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Lord Tope: It is a privilege for me to be able follow the noble Baroness, Lady David, on this subject. In my comparatively short time in your Lordships' House I have seen how she has campaigned tirelessly on this issue. I know that she has been campaigning for many years before I came here. In that sense I am very pleased and very proud to be able to follow her in this debate. I am sure that she will understand that it is a privilege that I hoped very much I would not have. During the Second Reading debate on the Bill I commented that I hoped that we had heard the end of the issue of corporal punishment when it had been determined in the other place. When I said that there were murmurs of agreement around your Lordships' House. If I remember rightly, in her reply the Minister echoed my sentiments although I am sure that she was speaking solely in a personal capacity.
So I was surprised and very disappointed to find at the last possible moment in the Committee stage of this Bill that the noble Baroness, Lady Blatch, the Opposition education spokesperson, had tabled this amendment. I do not know why she waited until the last possible moment and I do not propose to speculate on that today. She mentioned that it was the second largest issue in her postbag. That must say something for the noble Baroness, Lady Blatch, and for the image that her party still has because I have not had a single letter on this subject until today. The letters I have received expressed the horror and alarm that I feel that we are again debating this issue.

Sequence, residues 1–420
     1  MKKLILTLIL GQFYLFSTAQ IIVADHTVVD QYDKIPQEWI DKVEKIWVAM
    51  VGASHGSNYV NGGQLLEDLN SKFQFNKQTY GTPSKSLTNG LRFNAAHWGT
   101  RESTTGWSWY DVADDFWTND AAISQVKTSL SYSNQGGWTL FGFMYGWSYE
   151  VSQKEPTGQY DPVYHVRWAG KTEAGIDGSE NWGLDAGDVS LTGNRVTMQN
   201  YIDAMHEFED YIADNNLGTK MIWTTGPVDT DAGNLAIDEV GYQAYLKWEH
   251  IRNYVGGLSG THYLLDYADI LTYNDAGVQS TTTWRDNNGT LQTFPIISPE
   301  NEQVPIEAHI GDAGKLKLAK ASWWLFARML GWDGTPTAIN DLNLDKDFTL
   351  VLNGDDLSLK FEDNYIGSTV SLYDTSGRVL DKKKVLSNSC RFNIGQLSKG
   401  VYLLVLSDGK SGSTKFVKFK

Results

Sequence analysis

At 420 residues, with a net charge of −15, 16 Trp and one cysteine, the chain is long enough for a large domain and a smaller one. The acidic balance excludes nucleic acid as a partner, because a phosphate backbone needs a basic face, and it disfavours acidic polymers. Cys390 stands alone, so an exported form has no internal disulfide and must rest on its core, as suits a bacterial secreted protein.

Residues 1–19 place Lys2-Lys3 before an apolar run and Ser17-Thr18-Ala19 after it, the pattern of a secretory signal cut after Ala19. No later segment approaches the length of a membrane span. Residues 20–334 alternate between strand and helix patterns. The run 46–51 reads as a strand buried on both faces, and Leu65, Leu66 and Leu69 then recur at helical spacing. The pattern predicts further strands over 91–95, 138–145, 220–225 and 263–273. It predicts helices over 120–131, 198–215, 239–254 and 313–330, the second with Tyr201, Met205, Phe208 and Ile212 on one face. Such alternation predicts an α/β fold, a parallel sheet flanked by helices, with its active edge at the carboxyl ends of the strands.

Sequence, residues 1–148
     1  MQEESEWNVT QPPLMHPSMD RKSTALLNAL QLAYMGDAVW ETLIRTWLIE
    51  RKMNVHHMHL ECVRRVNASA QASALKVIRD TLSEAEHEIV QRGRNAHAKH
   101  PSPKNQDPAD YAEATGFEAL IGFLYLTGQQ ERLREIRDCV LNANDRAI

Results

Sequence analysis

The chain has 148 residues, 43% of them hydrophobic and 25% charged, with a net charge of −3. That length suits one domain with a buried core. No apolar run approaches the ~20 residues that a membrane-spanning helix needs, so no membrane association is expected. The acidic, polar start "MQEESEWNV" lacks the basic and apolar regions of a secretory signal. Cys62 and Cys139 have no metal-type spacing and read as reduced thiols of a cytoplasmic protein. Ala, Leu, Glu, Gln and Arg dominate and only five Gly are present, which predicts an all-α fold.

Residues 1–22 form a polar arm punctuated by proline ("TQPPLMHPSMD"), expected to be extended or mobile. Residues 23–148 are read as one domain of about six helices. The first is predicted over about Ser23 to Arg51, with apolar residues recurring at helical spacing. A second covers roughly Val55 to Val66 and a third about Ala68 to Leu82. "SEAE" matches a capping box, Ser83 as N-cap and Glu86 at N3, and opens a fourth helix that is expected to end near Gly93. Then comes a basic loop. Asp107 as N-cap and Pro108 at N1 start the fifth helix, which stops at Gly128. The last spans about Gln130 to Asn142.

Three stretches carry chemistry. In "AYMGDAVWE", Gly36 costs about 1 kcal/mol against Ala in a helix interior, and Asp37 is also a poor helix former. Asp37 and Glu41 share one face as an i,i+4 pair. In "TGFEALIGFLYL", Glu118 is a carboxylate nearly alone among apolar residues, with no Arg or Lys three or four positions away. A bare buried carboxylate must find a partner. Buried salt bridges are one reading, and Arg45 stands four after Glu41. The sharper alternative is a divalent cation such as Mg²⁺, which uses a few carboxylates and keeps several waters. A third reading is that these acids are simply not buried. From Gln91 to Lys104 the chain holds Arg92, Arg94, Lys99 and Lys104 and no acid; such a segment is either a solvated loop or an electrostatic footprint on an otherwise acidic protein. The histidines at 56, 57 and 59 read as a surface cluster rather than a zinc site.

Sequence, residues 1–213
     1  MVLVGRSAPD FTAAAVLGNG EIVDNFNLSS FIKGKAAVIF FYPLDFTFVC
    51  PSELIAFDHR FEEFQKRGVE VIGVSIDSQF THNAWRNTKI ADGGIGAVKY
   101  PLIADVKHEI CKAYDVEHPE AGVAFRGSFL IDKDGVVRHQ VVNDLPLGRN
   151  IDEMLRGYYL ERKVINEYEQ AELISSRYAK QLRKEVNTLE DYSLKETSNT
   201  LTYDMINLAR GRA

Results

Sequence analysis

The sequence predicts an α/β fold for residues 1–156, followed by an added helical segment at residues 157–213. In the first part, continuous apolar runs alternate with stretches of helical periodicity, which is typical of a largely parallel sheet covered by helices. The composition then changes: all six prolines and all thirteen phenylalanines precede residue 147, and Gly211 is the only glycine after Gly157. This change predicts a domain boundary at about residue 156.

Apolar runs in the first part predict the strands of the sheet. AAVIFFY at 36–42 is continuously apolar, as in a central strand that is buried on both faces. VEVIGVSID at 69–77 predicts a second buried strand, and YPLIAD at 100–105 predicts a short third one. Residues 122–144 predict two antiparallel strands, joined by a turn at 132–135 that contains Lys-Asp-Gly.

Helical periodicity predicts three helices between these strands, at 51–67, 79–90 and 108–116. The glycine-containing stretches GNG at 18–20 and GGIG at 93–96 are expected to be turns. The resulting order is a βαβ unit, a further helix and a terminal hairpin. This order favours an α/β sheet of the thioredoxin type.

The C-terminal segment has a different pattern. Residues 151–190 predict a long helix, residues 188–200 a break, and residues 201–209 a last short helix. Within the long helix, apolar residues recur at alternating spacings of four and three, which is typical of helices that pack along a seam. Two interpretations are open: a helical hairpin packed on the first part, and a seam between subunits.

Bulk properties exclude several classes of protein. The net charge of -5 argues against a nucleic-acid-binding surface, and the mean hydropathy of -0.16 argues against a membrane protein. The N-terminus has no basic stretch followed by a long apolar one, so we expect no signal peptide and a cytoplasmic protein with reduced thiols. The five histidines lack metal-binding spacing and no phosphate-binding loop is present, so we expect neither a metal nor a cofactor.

I am astonished that the Conservative Party education spokesperson in this House should table this amendment. I do not understand how that fits into the image of the modern Conservative Party which her leader is apparently so keen to promote. Much has been said about public opinion outside this House. I believe when it is heard that the Conservative Party has chosen at the last minute to reintroduce this issue determined overwhelmingly in another place, it will agree that is different from taking a view when the issue was first introduced in the other place.
Lord Tope: I believe I referred specifically to last Friday and not to yesterday. Nevertheless, it is at the last minute. I am not going to enter into an argument with the noble Baroness as to why and when she did what she did. Of course it is a free vote. I should say--although I thought it was unnecessary--that it is a free vote for my party as it always is on an issue of this kind and that is as it should be.
I still express astonishment that the Conservative Party should wish to project this image. That is a matter for that party and I care very little about it, but I care quite a lot about the reputation of your Lordships' House. Were this amendment to be accepted today, I cannot believe that we would be doing anything to enhance the reputation of this House or to suggest that we were ready to face the 21st century and not to be still steeped in the 19th century as some people mistakenly believe.